the WHITE HOUSEPresident Barack Obama

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Vice President Biden: Use Open Data and Innovation to Help Americans Find Jobs

Summary: 
To help job seekers, employers, and local policy makers better navigate labor market information, the Vice President and the Office of Science and Technology Policy (OSTP) are issuing a call-to-action to improve the tools and services for Americans to more seamlessly access and navigate the job market. On June 25th, 2014, more than 65 public and private sector innovators came together at the White House for the 21st Century Jobs Data Jam, a day-long workshop convened by the Office of the Vice President, OSTP, and the Departments of Labor and Commerce.
VP and Perez at

Vice President Joe Biden and Secretary of Labor Tom Perez attend the White House "Data Jam" in the Eisenhower Executive Office Building, June 25, 2014. (Official White House Photo by David Lienemann)

Americans searching for good middle-class jobs struggle with a paradox: despite plenty of information available about the labor market, it can be challenging to get simple, useful answers to questions such as:

  • What jobs are in demand, and which ones will be in demand in the future?
  • What current job openings exist?
  • What is the best way to get training and “skill up” into a better paying position?

To help job seekers, employers, and local policy makers better navigate labor market information, the Vice President and the Office of Science and Technology Policy (OSTP) are issuing a call-to-action to improve the tools and services for Americans to more seamlessly access and navigate the job market.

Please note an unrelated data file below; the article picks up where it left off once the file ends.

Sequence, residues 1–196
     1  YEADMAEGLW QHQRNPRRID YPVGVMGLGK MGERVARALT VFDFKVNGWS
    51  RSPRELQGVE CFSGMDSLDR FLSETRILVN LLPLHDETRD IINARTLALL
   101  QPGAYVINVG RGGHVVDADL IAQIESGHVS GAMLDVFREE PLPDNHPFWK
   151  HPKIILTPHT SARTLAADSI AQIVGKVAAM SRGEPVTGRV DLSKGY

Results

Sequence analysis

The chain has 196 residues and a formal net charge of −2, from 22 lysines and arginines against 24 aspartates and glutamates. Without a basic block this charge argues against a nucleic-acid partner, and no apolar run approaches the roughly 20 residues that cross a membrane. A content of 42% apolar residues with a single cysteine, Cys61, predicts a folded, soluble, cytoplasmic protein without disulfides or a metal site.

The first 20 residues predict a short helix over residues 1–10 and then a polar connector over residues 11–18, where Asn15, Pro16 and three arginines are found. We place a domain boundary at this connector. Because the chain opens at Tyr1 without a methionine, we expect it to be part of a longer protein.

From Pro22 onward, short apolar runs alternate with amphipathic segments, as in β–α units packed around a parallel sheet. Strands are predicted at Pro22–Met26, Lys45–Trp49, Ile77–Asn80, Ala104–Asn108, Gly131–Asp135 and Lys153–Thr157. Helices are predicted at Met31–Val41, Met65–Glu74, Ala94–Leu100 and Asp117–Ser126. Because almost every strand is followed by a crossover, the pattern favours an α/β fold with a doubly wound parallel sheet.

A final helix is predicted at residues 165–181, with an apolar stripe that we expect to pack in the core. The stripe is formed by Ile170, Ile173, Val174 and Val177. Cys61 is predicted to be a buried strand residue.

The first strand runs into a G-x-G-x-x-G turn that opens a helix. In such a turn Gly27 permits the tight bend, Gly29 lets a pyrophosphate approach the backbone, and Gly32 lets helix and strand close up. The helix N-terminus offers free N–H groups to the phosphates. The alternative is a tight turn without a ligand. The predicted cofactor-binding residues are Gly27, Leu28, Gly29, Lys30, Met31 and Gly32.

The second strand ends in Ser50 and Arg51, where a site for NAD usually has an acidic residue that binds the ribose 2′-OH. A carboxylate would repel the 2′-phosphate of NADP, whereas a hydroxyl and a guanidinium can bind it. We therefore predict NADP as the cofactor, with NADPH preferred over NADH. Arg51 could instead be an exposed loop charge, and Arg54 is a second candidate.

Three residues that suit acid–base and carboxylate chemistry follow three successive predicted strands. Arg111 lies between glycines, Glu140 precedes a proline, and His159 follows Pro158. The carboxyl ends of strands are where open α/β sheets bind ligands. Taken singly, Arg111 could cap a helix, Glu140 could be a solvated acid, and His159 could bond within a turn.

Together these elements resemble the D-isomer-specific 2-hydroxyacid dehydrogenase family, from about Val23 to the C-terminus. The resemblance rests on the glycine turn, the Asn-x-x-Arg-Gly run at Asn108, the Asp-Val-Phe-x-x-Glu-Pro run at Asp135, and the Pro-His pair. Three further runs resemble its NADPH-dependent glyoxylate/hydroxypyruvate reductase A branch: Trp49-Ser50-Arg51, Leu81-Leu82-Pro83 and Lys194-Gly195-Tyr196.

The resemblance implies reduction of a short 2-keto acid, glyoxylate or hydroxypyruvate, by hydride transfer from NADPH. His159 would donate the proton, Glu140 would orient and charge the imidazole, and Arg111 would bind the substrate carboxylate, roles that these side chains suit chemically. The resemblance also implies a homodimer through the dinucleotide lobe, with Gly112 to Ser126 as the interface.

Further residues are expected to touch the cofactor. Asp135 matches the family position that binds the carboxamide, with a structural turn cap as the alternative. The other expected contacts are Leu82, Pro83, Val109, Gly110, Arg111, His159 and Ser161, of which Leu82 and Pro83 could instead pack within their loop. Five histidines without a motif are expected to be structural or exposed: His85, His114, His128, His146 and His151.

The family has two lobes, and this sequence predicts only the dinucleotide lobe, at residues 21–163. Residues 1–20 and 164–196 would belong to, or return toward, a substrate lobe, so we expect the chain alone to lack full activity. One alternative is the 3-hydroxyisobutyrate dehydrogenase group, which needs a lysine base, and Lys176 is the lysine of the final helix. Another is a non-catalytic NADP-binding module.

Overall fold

So, on June 25th, 2014, more than 65 public and private sector innovators came together at the White House for the 21st Century Jobs Data Jam, a day-long workshop convened by the Office of the Vice President, OSTP, and the Departments of Labor and Commerce. 

During the morning session, Vice President Joe Biden joined the technology leaders, design and user experience experts, and leading policymakers to challenge them to think about these problem at person-by-person level: how do we help real people find real jobs. 

Joined by Secretary of Labor Thomas Perez, the Vice President highlighted the promise of user-friendly tools being able to better help job seekers navigate the complex, and often overwhelming, choices they face as they try to make major decisions about their careers. 

VP and Perez at

Vice President Joe Biden and Secretary of Labor Tom Perez attend the White House "Data Jam" in the Eisenhower Executive Office Building, June 25, 2014. (Official White House Photo by David Lienemann)

Inspired by the brainstorming and the fueled by open government data resources, participants committed to take action right away to develop new or expanded websites, products, or tools for job seekers.  Participant commitments included:

  • Develop new tools to allow job seekers to make better informed decisions about what jobs are in demand now, which jobs are likely to grow in the future, how much they pay, and where they are located. 
  • Develop ways to help job seekers better understand their current skills, what alternative career options may be a good fit, and how best to access impactful training to “skill up” into a higher wage position or make a career change. 
  • Begin a conversation about creating open data standards for job postings, skills, and credentialing to help enable better data analytics and more effective job matches, and then incentivizing key players to commit to that standard.

The challenge to build innovative tools and services, for potential demonstration, is open to everyone.  Information about the data sets presented at the Data Jam is available here. Want to get involved? Email us at Skills@ovp.eop.gov.

 

Lynn Overmann is Senior Advisor to the United States Chief Technology Officer and Marc Aidinoff is Assistant Director for Policy in the Office of the Vice President